Cornucopiae, siue linguae Latinae commentarij diligentissimé recogniti.

Venice, Aldi et Andrea Soceri, November 1513 [but May 1517].


Folio. ff. 79 (i), 1,436 columns, ff.(i). π-10π8, a-z8, A-Y8. Italic letter in double column. Aldine device on title, capital spaces with guide letters. Two leaves of quire slightly oxidized browned, couple of tiny single worm holes on first few leaves and at end, title a little thumbed in lower outer blank corner of table, the odd minor marginal mark. A very good copy, crisp and clean, in contemporary vellum over boards, title manuscript on spine.

An excellent copy of the second Aldine edition of this monumental collection of grammars, including one of the most important Renaissance Latin dictionaries by Niccolo Perroto, together with three influential classical grammars by Varro, Festus and Nonius Marcellus, dedicated to the condottiere Federico da Montefeltro of Urbino. Although the date 1513 is shown on the final colophon as if it was the second Aldine edition, this is in reality a reprint carried out in May 1517, as the colophon at the end of Perotti’s work indicates (col 1064 [i.e. 1054]). The largest section of the book is taken up by Perroti’s Cornucopia. Written as a commentary on book I of Martial and de-constructing its every sentence, Cornucopia became a standard reference work on the Latin language. “A massive encyclopedia of the classical world. Every verse, indeed every word of Martial’s text was a hook on which Perotti hung a densely woven tissue of linguistic, historical and cultural knowledge” Brian Ogilvie, ‘The Science of Describing: Natural History in Renaissance Europe.’

The work was revised and expanded by Perotto’s son Pyrrhus and the first edition was published in Venice in 1489 with the first Aldine appearing in 1499. The text was carefully numbered by page and by line helping to key the index precisely and thus introducing a modern scholarly system of reference. Niccolò Perotto (1429-1480) was an Italian cleric and humanist, who was born and died in Sassoferrato. From 1451 to 1453 he taught rhetoric and poetry at the University of Bologna. In 1452 he was acknowledged as Poet Laureate by the Emperor Frederick III during his welcome speech upon his arrival in the city. He was the papal secretary from 1455 and archbishop of Siponto in 1458. Although his later career was as a papal governor, he continued his scholarly pursuits, editing the works of the Roman writers Pliny and Martial. Apart from Cornucopia, he wrote a Latin school grammar, Rudimenta Grammatices (Pannartz and Sweynheim 1473), one of the earliest and most popular Renaissance Latin grammars, which attempted to modernize the language by excluding many words and constructions of medieval origin.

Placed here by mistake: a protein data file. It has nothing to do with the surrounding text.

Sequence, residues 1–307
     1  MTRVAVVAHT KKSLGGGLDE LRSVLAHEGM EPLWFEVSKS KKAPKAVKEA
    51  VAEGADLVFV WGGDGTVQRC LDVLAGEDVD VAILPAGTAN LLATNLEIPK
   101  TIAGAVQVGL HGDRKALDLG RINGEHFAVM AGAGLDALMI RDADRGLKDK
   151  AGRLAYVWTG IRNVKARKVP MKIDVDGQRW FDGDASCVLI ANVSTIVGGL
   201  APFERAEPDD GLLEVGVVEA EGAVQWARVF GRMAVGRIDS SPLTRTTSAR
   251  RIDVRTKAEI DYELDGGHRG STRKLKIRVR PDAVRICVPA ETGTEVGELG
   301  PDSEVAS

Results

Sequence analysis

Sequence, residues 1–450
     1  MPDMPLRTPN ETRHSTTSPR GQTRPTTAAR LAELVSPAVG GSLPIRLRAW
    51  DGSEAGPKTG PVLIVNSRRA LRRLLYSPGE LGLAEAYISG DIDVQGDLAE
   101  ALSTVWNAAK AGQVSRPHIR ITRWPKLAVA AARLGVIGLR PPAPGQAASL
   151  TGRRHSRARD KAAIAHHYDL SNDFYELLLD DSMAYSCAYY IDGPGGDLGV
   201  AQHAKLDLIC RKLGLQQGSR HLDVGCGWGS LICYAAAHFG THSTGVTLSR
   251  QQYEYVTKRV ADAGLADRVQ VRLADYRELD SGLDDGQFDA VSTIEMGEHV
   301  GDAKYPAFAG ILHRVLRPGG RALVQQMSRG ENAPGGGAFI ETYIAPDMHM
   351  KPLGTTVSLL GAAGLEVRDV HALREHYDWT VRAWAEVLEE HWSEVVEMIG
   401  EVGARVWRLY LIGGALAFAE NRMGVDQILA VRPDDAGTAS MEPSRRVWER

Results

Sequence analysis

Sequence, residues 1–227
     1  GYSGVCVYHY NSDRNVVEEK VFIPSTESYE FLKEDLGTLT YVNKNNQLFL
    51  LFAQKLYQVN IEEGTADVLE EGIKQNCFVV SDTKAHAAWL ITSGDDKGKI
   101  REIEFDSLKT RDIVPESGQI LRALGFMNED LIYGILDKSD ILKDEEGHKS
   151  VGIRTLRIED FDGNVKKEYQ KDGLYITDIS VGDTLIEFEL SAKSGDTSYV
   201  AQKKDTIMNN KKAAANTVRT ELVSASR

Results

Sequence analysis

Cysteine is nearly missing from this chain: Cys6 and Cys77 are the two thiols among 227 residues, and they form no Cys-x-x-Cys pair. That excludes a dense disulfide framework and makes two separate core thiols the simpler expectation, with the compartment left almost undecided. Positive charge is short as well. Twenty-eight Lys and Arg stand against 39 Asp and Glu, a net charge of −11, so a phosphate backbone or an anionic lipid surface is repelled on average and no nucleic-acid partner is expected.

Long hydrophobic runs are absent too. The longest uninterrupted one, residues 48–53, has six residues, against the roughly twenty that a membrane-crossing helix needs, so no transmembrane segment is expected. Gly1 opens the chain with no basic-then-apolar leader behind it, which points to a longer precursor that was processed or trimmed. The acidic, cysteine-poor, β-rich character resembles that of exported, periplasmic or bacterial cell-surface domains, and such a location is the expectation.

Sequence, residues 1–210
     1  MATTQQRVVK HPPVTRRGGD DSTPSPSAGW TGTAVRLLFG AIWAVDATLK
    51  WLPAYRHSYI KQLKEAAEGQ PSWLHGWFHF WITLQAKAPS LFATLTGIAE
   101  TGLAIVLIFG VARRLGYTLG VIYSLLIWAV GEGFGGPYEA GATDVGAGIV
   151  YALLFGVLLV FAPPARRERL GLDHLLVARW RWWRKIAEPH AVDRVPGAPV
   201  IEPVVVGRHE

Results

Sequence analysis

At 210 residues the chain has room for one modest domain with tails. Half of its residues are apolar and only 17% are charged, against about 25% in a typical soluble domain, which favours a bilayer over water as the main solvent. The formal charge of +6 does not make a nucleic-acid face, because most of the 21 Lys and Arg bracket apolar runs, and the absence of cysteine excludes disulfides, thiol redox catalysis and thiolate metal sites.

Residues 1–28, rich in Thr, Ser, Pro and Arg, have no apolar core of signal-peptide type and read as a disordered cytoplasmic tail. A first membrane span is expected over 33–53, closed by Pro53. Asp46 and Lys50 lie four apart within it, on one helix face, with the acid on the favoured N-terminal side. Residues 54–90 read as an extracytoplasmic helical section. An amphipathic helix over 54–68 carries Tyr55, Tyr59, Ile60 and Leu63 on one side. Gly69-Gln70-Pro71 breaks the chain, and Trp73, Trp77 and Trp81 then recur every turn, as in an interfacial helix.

The Cornucopia is bound together with the three most important classical texts on the grammar and etymology of the Latin language. Firstly, “Varro’s treatise is the earliest extant work on Grammar. This great work which was finished before Cicero’s death in 43 BC, owes much to the Stoic teaching of Aelius Stilo. … The first three of the surviving books are on Etymology, book V being on names of places, VI on terms denoting time and VII on poetic expressions.” Sandys I, p. 179. Second is Sextus Pompeius Festus’ epitome in 21 books of the encyclopaedic treatise ‘De verborum significatione’ of Valerius Flaccus. Festus gives the etymology and the meaning of many words, throwing considerable light on the Latin language, mythology and antiquities of ancient Rome. The work ends with Nonius Marcellus’ Compendia. A lovely, fresh copy of these important texts.

BM STC. It. C16th p. 499. Adams P720. Renouard 63.6.


Print This Item Print This Item